An international team of biologists has discovered a new species of monkey in the Democratic Republic of Congo.
The monkey, named Cercopithecus lomamiensis and locally known as the lesula, is only the second monkey species discovered in Africa in the last 28 years.
The first specimen found was a young captive animal seen in 2007 in a school director’s compound in the town of Opala in the Democratic Republic of Congo. The young monkey bore a resemblance to the owl faced monkey, but its coloration was unlike that of any other known species.
Over the following three years, the study authors located additional lesula in the wild, determined its genetic and anatomical distinctiveness, and made initial observations of its behavior and ecology.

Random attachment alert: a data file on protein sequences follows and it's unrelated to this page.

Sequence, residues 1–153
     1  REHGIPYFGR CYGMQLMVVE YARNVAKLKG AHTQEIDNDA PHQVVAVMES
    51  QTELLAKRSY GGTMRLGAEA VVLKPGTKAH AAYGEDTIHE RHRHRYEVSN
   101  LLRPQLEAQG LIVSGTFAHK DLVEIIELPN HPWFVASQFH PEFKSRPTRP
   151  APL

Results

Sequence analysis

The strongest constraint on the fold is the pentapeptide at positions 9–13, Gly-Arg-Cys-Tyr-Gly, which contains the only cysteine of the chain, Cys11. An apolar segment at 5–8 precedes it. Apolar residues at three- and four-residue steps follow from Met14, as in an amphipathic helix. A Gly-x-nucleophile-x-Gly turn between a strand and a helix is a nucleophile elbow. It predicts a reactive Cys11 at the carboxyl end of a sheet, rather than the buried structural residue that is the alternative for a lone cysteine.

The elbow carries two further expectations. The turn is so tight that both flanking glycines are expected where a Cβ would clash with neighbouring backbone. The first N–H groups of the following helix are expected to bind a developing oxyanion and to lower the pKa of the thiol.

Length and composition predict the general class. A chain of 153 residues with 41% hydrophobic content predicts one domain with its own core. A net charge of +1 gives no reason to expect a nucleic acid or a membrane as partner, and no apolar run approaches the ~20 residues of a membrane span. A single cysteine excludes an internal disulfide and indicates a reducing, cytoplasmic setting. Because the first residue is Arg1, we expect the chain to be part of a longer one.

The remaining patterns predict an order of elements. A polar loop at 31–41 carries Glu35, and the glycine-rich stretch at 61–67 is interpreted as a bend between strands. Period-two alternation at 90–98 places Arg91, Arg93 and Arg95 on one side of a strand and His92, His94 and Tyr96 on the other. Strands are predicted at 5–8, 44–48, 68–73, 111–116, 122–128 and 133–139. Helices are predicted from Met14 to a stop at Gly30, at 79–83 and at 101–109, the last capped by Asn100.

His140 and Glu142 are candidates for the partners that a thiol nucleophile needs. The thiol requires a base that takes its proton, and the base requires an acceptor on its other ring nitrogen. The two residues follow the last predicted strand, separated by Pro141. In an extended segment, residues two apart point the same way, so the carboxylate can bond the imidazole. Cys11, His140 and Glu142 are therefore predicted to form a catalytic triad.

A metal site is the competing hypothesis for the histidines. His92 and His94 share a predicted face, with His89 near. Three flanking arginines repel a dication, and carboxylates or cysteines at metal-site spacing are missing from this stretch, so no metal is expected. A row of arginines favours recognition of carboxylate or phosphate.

The species’ range covers about 6,500 square miles in central Congo in what was one of Congo’s last biologically unexplored forest blocks. Although its range is remote and only lightly settled at present, the monkey is threatened by local bush meat hunting.
“The challenge for conservation now in Congo is to intervene before losses become definitive,” said Dr John Hart and Dr Terese Hart, co-authors of a paper describing the new species in the journal PLoS-ONE.
“Species with small ranges like the lesula can move from vulnerable to seriously endangered over the course of just a few years,” they said.
Bibliographic information: Hart JA et al. 2012. Lesula: A New Species of Cercopithecus Monkey Endemic to the Democratic Republic of Congo and Implications for Conservation of Congo’s Central Basin. PLoS ONE 7(9): e44271; doi: 10.1371/journal.pone.0044271